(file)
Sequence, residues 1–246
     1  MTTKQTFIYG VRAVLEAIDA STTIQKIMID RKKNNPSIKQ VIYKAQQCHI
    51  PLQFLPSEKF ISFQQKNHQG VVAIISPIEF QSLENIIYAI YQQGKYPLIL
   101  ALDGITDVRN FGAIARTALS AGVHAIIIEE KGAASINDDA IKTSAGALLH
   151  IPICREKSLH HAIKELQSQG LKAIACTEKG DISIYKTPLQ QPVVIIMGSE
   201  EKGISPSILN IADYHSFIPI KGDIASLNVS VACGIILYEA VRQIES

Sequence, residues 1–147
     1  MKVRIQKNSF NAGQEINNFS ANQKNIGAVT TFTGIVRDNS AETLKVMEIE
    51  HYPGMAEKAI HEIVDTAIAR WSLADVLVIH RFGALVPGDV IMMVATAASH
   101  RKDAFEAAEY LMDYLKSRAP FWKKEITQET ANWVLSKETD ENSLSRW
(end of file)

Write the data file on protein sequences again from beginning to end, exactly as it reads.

Sequence, residues 1–246
     1  MTTKQTFIYG VRAVLEAIDA STTIQKIMID RKKNNPSIKQ VIYKAQQCHI
    51  PLQFLPSEKF ISFQQKNHQG VVAIISPIEF QSLENIIYAI YQQGKYPLIL
   101  ALDGITDVRN FGAIARTALS AGVHAIIIEE KGAASINDDA IKTSAGALLH
   151  IPICREKSLH HAIKELQSQG LKAIACTEKG DISIYKTPLQ QPVVIIMGSE
   201  EKGISPSILN IADYHSFIPI KGDIASLNVS VACGIILYEA VRQIES

Sequence, residues 1–147
     1  MKVRIQKNSF NAGQEINNFS ANQKNIGAVT TFTGIVRDNS AETLKVMEIE
    51  HYPGMAEKAI HEIVDTAIAR WSLADVLVIH RFGALVPGDV IMMVATAASH
   101  RKDAFEAAEY LMDYLKSRAP FWKKEITQET ANWVLSKETD ENSLSRW